Like the division-rival Falcons, the Panthers require assistance with the pass rush and in the secondary. And like Atlanta, they want to do whatever it takes to catch the Saints, which means stopping that swimmingly virile offense. Yet, how much longer can this organization afford to watch Cam Newton get rocked? Some of this falls on the quarterback himself, who is weary of altering his style of play. Thus, for draft purposes, Carolina should consider drafting a tackle at No. 16, which should be about the right spot to locate an instant starter. The Panthers should also pick up a thumper at running back who can make hay inside the 10, so that it's not the franchise QB taking all those hits. They swung and missed on C.J. Anderson last year, although he looked like Jerome Bettis for the Rams late in the year. Not to mention, Christian McCaffrey is a different brand of RB1. Look no further than what New Orleans did in free agency, adding Latavius Murray immediately once Mark Ingram left, so that the load is not all on Alvin Kamara. Slick.
Chicago Bears: Who's the kicker? Just kidding.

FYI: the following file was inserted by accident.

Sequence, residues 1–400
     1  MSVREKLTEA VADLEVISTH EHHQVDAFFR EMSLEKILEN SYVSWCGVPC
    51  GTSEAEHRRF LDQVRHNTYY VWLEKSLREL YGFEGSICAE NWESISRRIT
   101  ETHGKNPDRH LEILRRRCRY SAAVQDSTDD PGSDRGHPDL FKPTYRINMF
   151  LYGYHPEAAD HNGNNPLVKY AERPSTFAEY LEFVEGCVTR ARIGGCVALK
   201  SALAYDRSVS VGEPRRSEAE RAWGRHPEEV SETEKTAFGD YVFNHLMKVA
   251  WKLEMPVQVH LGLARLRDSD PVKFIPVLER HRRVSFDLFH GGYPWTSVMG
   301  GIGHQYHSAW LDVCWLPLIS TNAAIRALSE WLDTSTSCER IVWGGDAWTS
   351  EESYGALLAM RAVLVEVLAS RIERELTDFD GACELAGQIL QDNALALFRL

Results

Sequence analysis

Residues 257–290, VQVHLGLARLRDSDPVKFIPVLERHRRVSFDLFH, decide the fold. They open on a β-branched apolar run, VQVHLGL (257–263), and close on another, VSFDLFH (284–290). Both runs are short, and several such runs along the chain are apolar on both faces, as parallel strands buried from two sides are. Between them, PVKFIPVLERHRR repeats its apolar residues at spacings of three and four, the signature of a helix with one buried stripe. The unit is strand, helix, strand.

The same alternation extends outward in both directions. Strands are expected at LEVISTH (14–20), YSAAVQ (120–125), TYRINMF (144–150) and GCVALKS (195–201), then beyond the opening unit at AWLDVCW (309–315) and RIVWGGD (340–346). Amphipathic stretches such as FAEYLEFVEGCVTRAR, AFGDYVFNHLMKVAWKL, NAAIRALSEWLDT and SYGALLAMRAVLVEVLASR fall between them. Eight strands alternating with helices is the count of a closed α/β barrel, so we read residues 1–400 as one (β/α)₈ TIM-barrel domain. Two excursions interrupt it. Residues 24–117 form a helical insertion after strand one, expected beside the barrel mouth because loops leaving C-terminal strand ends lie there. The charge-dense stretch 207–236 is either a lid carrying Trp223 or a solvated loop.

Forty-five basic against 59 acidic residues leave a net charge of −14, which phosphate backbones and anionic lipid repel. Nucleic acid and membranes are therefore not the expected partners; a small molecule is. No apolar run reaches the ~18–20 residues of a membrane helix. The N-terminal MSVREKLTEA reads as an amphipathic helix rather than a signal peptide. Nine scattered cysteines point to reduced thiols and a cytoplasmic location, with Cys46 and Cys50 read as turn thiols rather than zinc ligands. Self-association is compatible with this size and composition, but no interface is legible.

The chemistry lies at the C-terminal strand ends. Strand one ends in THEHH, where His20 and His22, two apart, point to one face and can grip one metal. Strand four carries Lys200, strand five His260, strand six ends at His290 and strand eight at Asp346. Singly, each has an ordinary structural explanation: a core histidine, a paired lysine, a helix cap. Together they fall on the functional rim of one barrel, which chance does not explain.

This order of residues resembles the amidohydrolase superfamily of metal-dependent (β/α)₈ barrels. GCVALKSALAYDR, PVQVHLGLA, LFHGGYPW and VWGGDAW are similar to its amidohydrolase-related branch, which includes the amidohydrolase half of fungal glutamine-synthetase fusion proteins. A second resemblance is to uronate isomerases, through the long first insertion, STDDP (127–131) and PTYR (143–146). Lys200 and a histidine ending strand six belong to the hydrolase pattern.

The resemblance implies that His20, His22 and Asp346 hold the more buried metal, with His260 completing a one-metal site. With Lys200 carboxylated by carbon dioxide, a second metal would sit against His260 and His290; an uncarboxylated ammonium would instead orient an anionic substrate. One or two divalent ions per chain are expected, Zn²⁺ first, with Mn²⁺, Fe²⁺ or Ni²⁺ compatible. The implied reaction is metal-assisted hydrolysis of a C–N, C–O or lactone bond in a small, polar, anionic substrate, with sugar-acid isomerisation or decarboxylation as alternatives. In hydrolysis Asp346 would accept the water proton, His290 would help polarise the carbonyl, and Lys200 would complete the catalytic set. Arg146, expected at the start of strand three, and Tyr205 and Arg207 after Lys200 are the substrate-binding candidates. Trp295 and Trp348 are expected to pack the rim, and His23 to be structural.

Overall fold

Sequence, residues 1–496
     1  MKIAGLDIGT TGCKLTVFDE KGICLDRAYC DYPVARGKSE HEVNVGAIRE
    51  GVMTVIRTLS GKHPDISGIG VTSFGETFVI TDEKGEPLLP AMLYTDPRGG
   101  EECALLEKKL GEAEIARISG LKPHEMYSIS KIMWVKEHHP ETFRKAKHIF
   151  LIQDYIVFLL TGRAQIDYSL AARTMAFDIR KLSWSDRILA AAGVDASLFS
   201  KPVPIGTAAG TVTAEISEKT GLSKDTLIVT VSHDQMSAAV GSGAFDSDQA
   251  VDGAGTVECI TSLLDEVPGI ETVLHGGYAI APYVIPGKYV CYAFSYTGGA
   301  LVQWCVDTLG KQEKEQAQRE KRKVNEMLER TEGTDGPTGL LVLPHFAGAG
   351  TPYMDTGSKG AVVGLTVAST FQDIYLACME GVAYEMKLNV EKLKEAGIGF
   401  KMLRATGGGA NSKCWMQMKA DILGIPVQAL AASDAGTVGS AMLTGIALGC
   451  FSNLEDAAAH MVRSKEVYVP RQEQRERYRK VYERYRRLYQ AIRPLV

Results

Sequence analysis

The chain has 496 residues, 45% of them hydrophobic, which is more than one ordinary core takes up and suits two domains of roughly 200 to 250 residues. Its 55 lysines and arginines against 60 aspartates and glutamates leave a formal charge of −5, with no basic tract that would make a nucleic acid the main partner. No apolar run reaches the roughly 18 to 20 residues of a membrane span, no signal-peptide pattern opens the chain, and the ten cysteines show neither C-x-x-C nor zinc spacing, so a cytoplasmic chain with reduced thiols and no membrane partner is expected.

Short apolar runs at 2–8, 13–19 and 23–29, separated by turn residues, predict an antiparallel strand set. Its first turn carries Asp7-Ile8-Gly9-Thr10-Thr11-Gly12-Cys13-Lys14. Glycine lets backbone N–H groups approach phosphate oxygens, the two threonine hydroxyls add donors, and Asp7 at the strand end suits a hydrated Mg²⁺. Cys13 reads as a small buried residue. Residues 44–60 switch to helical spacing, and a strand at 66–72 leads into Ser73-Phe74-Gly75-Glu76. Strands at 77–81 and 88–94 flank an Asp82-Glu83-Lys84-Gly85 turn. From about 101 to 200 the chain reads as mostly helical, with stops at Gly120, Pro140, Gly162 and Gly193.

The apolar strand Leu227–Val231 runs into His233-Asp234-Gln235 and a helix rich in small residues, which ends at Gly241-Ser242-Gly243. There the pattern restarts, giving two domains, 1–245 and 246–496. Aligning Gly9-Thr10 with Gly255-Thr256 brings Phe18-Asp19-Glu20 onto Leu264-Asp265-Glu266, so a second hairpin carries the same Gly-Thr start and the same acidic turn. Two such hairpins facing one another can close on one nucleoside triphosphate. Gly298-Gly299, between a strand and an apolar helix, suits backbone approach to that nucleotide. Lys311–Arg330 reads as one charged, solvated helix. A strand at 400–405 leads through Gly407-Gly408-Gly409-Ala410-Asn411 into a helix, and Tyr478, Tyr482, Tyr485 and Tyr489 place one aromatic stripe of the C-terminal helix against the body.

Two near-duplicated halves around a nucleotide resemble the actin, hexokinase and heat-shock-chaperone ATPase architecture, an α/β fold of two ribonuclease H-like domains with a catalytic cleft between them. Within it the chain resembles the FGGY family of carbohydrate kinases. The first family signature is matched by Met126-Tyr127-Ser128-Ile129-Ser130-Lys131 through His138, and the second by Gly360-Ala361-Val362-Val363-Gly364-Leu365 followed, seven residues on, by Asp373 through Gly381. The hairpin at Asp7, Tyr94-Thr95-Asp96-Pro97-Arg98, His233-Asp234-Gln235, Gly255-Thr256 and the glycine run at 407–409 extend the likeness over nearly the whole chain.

But seriously, how do the Bears knock the draft out of the park with no picks in the first two rounds? One possibility -- and a position where a team can find immense value in the third or fourth round -- is at running back. There was rampant speculation going back to last season that Chicago was looking to move on from Jordan Howard. Well, it wasn't so speculative, was it? The Bears were even reportedly kicking the tires on Adrian Peterson, and his tires are close to having no tread. In order to get the dual-threat, passing game-ready running back head coach Matt Nagy craves, perhaps Chicago should use its third-round pick to find that guy, a player that Howard never was. Whether Nagy will use him enough in a key playoff game is another matter (hypothetically speaking, of course). The Bears did sign Mike Davis before trading Howard, and they still have Tarik Cohen. Are they done at running back?